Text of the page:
Drew McCreery

It seems that Freddie and Fannie have been too busy with loan originations to make many changes to their guides this year; we have only minor updates to report. Summarized below are a few points that may have slipped under your radar.


In February, Freddie Mac added new language to section 8.3 of their Seller/Servicer Guide regarding Moisture/Mold Inspections.  The changes affect when a special inspection is required, who may perform it, and the content of the inspection report. Essentially, Freddie Mac may require a special inspection or increased scrutiny for moisture or mold when there is history of moisture or mold identified at underwriting; significant moisture or mold identified during the mortgage term; or pervasive moisture or mold issues listed as require repairs in the loan docs. In addition to existing qualifications required by previous editions of the Guide, the third-party consultant who performs the special inspection is now required to have specific expertise with water intrusion and mold issues. Where the Guide previously identified requirements for inspection and reporting on moisture and mold issues, it now also requires that the inspection report include recommendations to correct all issues.


Fannie Mae’s new Seller Servicer Guide with new third-party guide update is available here on the Fannie Mae website. The guide was previously available only through the Allregs® subscription service.  The new guide, effective as of August 1, does not include any pertinent changes to the requirements for your third-party due diligence reports. Freddie Mac, on the other hand, continues to deliver their seller/servicer guide via Allregs.


Make sure that you’re ordering the correct environmental site assessment (ESA) for the loan product you’re using. We’ve recently become aware that some lenders believe database environmental reviews suffice for Fannie Mae small loans. This erroneous belief may be attributed to the old Delegated Underwriting and Servicing Guide, which has since been updated by the Multifamily Selling Servicing Guide. According to the current guide, the lowest acceptable level of environmental review for small loans is a Transaction Screen Assessment (TSA), which includes a database review, a site visit, key personnel interviews and limited historical research. Database reviews will suffice for certain refinance products including the Supplemental Refi. Conventional loans still require full Phase I ESAs. Note that Freddie Mac loans require a TSA for the Physical Risk Reports (SBL, Conventional/TAH) but require a full Phase I for the standard transaction product as required by Section 61 of the Seller/Servicer Guide.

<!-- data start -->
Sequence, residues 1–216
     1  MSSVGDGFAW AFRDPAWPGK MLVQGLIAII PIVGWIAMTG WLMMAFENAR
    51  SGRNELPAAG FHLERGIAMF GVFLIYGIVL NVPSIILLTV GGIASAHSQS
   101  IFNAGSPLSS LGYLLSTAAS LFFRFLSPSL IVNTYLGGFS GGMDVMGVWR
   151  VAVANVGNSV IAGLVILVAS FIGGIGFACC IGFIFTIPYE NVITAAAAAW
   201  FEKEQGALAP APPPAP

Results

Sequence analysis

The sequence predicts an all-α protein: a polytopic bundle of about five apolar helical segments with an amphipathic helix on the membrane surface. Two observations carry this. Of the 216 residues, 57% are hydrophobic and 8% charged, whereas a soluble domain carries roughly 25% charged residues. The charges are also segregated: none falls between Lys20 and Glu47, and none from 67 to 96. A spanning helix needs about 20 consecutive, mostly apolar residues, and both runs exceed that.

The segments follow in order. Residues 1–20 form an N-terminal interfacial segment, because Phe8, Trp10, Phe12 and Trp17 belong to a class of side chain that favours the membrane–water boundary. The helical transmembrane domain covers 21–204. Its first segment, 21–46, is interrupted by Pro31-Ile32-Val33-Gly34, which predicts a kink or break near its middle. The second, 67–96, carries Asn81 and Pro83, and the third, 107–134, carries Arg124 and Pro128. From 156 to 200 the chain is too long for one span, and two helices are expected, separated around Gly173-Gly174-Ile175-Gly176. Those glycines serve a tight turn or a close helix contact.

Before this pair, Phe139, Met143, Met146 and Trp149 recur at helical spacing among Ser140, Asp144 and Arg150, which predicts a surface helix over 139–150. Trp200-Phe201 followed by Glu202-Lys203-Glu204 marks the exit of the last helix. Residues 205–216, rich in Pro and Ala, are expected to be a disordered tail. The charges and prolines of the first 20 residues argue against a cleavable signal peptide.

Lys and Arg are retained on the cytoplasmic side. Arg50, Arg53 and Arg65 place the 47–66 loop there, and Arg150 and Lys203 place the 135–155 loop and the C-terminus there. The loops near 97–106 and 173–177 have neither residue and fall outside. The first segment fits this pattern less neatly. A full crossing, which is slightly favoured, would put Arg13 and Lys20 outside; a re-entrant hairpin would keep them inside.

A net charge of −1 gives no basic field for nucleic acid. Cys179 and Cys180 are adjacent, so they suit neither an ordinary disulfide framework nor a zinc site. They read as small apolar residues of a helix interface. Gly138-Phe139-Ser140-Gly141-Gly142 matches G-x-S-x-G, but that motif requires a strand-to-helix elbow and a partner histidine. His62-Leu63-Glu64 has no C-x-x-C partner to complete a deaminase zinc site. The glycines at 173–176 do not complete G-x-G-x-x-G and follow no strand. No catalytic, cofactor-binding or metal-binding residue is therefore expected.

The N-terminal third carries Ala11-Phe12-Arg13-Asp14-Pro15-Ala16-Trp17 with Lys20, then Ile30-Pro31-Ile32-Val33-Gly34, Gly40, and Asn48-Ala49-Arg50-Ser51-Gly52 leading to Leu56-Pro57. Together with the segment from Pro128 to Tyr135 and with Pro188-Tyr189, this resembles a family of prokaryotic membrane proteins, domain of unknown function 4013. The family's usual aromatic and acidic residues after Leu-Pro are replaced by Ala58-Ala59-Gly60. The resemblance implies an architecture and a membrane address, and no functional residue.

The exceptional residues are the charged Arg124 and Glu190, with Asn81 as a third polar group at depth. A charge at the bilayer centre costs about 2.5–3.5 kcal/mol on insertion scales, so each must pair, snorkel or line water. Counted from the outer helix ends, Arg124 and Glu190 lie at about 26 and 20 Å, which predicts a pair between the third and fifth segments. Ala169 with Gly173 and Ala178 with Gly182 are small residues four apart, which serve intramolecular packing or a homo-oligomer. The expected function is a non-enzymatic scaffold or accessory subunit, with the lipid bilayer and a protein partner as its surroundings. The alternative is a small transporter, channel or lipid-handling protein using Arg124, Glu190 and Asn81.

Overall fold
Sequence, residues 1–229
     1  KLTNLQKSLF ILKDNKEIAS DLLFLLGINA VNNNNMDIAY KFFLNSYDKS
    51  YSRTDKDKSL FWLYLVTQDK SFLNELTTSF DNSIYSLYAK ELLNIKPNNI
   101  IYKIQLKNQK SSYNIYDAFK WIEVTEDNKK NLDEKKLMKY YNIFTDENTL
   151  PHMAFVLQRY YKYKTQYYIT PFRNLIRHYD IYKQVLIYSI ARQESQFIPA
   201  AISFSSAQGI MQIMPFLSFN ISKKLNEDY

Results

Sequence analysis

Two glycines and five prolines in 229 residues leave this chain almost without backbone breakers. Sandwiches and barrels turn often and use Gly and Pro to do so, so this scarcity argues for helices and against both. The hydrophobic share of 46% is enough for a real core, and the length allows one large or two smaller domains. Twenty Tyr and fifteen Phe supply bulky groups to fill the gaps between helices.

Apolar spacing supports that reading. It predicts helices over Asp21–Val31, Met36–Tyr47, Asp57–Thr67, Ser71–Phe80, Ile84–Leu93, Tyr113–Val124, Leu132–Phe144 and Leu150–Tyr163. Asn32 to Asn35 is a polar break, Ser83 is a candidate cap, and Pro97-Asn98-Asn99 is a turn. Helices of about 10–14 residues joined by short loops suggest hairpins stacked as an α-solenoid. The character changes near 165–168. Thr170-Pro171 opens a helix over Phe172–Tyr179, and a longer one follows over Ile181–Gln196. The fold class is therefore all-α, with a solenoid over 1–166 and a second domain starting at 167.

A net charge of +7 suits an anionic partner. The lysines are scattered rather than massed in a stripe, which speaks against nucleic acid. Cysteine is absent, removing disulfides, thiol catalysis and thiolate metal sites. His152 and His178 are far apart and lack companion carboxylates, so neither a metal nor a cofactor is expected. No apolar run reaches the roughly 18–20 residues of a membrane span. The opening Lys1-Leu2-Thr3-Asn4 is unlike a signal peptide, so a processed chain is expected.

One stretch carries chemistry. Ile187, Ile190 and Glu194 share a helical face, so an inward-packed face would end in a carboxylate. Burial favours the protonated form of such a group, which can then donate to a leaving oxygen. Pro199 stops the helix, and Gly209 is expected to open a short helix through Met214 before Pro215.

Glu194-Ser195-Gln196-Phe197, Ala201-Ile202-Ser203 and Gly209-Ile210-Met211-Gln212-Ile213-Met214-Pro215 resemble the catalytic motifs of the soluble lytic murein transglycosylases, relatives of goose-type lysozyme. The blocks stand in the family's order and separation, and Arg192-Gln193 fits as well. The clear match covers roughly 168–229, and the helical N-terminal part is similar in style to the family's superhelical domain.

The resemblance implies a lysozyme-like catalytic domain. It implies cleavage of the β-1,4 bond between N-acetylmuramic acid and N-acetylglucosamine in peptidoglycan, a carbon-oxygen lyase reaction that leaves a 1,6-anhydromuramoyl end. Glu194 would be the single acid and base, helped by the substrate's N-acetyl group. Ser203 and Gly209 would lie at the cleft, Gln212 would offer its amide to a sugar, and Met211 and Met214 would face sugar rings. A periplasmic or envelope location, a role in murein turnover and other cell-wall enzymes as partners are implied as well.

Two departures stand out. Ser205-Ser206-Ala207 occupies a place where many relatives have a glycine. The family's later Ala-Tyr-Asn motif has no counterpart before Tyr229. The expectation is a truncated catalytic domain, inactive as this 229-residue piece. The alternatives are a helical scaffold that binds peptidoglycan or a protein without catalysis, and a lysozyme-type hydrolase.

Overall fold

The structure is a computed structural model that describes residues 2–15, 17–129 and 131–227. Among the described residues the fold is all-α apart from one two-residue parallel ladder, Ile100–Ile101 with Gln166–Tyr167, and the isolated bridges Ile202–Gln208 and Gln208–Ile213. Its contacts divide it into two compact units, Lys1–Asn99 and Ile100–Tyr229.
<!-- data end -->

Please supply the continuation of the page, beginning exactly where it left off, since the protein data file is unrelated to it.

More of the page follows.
If you’re lending in a region that is unfamiliar to you, remember that state standards often exceed the due diligence requirements issued by Fannie Mae and Freddie Mac. This is perhaps most noticeable with radon and asbestos screening, for which protocols vary widely by state. For example, Pennsylvania recently adopted high-scrutiny standards similar to those in Ohio, where 100% sampling of ground floor units is required. Furthermore, some states have radon certification requirements for the screening providers.  This is also true of asbestos surveys; each state has an asbestos survey program that dictates screening protocols and the minimum qualifications of the service provider. Some states require only the national AHERA certification whereas others, require additional certifications. For instance, in Nevada, anyone collecting asbestos samples must have a state-issued Abatement Consultant license.  This is in addition to the national AHERA certification.   The State of Colorado also has a designated license required beyond the national AHERA certification.  To avoid potential fines and delays in the due diligence process, be sure your consultant is aware of and adhering to the requirements of each state in which they work.

Understanding the respective due diligence requirements of Fannie Mae and Freddie Mac, in additional to state and local requirements, is critical to timely and successful loan closure. Be sure you’re using a due diligence provider with the resources and expertise to provide accurate, compliant reports–regardless of the location of your collateral.